2. Thanks Duane. I think you said it really well here: “I’d rather see a higher upfront pledge that was going to be based around the stretches getting unlocked instead of the stretches coming and then they turn out to be another huge expense that I couldn’t see coming.” I completely agree.

  3. Hi Jamey, Thanks for the quick response! Sorry my post was unclear, I do NOT KNOW if they havea play-to-win or not. Last year I was too busy to get to the gaming floor, so I just wanted to check and see if your games might be there.

  4. Hi Jamie, thanks for all these posts, I am not even working anything for KS moment, but they are very interesting reads in terms of understanding the logistics and details of launching new products.

    Off-topic Question: Will anyone from Stagmeier be at PAX East? Will there be copies of Euphoria and Viticulture there? I read Play To Win, post and I don’t recall that PAX does that…

    Would very much like to teach Euphoria to some out-of-state friends, but I don’t think I can bring my copy.

    On Topic… just my two cents, but the few board games I have backed have had limited, straightforward tiers, typically with a “premium that includes any unlocks.” I have actively avoided the miniature-style in particular because of the reasons you outlined above. Those add-ons might be attractive for an game/product line I have a history and investment, but are a total non-starter when you are trying to sell me on something new.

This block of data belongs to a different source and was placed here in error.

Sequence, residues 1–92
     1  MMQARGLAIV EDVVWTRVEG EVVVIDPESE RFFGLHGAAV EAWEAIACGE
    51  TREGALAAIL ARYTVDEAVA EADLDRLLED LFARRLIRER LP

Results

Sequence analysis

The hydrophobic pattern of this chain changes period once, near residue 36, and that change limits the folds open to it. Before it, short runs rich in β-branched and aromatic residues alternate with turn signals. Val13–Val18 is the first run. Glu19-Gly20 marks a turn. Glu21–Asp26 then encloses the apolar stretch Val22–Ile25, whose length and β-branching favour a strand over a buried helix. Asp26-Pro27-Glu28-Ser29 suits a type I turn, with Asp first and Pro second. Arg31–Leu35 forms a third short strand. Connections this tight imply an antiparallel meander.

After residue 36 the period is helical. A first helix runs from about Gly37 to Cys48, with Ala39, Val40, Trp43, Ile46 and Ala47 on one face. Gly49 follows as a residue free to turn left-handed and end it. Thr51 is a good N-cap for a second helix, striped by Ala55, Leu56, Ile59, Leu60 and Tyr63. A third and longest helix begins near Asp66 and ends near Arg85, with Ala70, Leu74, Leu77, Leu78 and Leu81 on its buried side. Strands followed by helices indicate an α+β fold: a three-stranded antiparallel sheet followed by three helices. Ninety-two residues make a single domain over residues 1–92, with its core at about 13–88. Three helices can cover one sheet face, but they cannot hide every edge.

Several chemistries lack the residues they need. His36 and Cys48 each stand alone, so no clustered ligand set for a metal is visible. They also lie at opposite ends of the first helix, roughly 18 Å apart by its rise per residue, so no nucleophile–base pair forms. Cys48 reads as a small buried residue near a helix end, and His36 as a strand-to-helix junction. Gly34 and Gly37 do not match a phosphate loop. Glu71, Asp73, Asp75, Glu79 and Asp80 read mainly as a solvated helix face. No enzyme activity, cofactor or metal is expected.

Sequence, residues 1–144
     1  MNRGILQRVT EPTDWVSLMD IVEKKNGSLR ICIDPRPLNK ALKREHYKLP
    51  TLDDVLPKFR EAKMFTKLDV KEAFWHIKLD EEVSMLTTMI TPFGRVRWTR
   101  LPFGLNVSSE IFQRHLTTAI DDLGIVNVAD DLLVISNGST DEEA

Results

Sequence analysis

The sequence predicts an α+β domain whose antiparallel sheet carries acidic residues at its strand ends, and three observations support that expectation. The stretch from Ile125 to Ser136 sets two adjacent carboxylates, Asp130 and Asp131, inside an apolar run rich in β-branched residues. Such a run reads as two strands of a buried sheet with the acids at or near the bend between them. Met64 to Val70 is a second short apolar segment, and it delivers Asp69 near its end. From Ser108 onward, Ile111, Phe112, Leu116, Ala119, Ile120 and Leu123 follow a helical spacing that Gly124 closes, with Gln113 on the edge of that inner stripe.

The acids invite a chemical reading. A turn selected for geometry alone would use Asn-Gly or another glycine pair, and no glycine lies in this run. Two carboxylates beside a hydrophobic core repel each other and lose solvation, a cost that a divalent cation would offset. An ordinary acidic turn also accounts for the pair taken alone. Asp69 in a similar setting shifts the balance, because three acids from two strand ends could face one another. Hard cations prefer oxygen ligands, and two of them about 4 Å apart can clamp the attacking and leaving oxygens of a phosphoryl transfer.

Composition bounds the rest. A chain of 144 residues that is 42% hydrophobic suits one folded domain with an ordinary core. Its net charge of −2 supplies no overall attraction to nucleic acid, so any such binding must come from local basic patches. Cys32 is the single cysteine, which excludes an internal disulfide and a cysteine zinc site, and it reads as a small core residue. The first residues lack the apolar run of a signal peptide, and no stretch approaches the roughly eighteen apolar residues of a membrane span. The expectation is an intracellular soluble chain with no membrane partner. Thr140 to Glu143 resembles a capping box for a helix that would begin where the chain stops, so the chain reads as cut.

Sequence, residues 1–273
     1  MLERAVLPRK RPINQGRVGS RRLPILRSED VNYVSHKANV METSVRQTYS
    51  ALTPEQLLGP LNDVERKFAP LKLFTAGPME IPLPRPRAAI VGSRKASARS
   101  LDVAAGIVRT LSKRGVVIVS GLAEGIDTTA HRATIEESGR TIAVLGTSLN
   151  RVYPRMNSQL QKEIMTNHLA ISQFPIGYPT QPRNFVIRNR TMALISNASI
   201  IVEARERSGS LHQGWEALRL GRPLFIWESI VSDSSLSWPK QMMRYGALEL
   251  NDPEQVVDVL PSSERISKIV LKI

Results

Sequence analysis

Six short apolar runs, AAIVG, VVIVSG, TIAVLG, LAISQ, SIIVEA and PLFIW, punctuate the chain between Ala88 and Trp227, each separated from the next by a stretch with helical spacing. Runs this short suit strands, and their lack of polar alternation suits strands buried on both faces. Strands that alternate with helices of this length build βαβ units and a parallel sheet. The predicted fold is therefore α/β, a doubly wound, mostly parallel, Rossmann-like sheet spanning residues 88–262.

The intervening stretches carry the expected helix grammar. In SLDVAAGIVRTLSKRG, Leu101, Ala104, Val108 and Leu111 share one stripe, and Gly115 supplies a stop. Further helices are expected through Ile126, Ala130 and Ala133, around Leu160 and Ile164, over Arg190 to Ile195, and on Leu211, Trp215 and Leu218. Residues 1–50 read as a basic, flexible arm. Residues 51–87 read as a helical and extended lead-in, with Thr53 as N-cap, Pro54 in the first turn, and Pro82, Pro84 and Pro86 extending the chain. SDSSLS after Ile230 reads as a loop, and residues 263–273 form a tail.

5. I’ll just note that customization is one of the key advantages to something like a Kickstarter. You can customize outside of KS pretty easily with digital product (the myriad DLC from clothes for your Battlemage to anti-aircraft artillery for your towers to hemp for your simulated farm) but the logistics become atrocious for physical product. Hence the advantage of being a backer is to get something that will never be offered again. That justifies the presence of multiple reward tiers and add-ons.

    But only to a point. As the provider of a product, you don’t want to confuse a) your customers, b) your manufacturers c) your fulfillment folks or d) yourself.

    One of my favorite business communication rules is the Crayon-Workbook Continuum. If you can explain a business concept – in this case, your reward tiers – using only a crayon, everyone will get it. If you require a row-column workbook to explain the reward tiers, you limit your market significantly.There’s a happy medium that skews more towards the Workbook for products that evoke a particular passion (board games, andrino devices) but needs to stay closer to the Crayon for things that people aren’t likely to talk about in polite conversation (“I’m so excited about the 381 different mutual funds I can invest in! I want to collect them all!”).

    For example, there’s a fascinating game product in the RPG space on KS right now … and the 23 (yes TWENTY THREE) reward tiers and 33 (yes, THIRTY THREE) add-ons are also explained through an excel attachment and a multi-slide powerpoint. That’s just for the English product – there are more tiers for French-language product. And some of the add-ons are only allowed for reward tiers with a physical component (presumably to consolidate shipping), while other add-ons are disallowed for reward tiers that already include it (due to limited items). From a computational perspective, fulfilling an order requires several boolean lookups in a relational database to see what is allowed and what is not allowed. But, then again, it’s a pen-and-paper RPG and if anyone is better at board gamers than loving the details, it’s the RPG players.